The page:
If you’ve ever lived in a foreign country where they speak another language, you’ll remember the difficulty of getting to grips with the local slang. Unfortunately, there are some things that you just don’t learn in a language school. Thankfully for you, Tandem is here to help you figure out the meaning behind some of the most common textspeak from around the world.
There are tonnes of ways to laugh online, the most famous abbreviation being LOL. So it’s no surprise each country has their own way of laughing in textspeak. In Thai, the number 5 sounds like the word “ha,” so 555 is the same as saying “hahaha.” In case you ever make an embarrassing language-learning blunder, this is a great way to laugh at your mistakes.
It’s fair to say that the majority of us have experienced that uneasy feeling when an event is happening elsewhere and you feel like you’re missing out. In English, you’d use FOMO, an acronym for the “fear of missing out,” to express this feeling.
In Portuguese, if you’re not in the mood for something you can use SQN. It’s a shortened version of “só que não,” which pretty much translates to “just no.” For those times when you really don’t fancy pizza for the third time in a row, tell your friend SQN. They’ll get the hint 😉
As with our Thai example, Chinese speakers also make the most of the similarities between words and numbers. The phrase 气死我 (qì sǐ wǒ le), meaning “I am very angry,” is simplified to 7451, as the pronunciation of the four numbers in succession (qī sì wǔ yī) is very similar. It’s a pretty neat textspeak example if you ask us!
Your Spanish Tandem partner might have used the abbreviation Ktal in a conversation with you before, but do you know what it means? Its full version, “¿qué tal?” is the Spanish way of asking “what’s up?” Since the word “qué” is pronounced like the English “k” sound, they just shorten it to “Ktal.” Easy!
Most languages have an abbreviation of thank you, like “thnx” in English. “Grazie” is the Italian word for thanks and can be shortened to “grz” if you’re in a rush and want to save some time.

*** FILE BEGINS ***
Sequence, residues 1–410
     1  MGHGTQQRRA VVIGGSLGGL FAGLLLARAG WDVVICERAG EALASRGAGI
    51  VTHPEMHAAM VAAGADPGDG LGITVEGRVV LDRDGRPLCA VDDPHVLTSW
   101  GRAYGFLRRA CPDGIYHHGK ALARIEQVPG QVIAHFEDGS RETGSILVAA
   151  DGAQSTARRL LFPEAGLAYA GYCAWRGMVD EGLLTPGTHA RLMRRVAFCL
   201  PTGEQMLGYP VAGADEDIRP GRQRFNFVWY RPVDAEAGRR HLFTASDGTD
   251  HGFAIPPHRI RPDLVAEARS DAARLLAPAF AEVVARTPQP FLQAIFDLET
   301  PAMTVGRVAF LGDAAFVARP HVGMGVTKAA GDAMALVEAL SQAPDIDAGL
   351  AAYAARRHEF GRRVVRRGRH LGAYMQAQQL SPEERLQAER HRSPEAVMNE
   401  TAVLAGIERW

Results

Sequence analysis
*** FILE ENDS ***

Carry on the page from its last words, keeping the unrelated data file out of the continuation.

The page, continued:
The phrase YOLO is a common English abbreviation of “you only live once.” If you want to say this in Irish, however, you use “níl ach saol amháin agat,” abbreviated to NASAA. It’s often said when talking about traveling, a career change, or simply taking a risk knowing it might not pay off. You only get one shot at life so you might as well go for it - NASAA!
If you’re sending a text or even a casual email in German, you can sign it off with MfG. In Germany, you often use the salutation “Mit freundlichen Grüßen” at the end of a message or email. It’s a way of saying “yours sincerely” or “sincere regards.” If you’re particularly friendly with someone you can also use LG, which is an abbreviation of “Liebe Grüße” or “best wishes.”
It’s also common for Russians to use textspeak. An informal way of saying thank you in Russian is “спасибо.” When time is of the essence, you can cut it down to “cпсб.”
One reason why we really love our Tandem app is because it gives our the members the chance to learn things that aren’t traditionally taught in language schools. Being truly fluent in a language means you use idioms and can understand local slang or even textspeak. So download our app and find yourself a Tandem partner to teach you those little nuggets of language learning gold!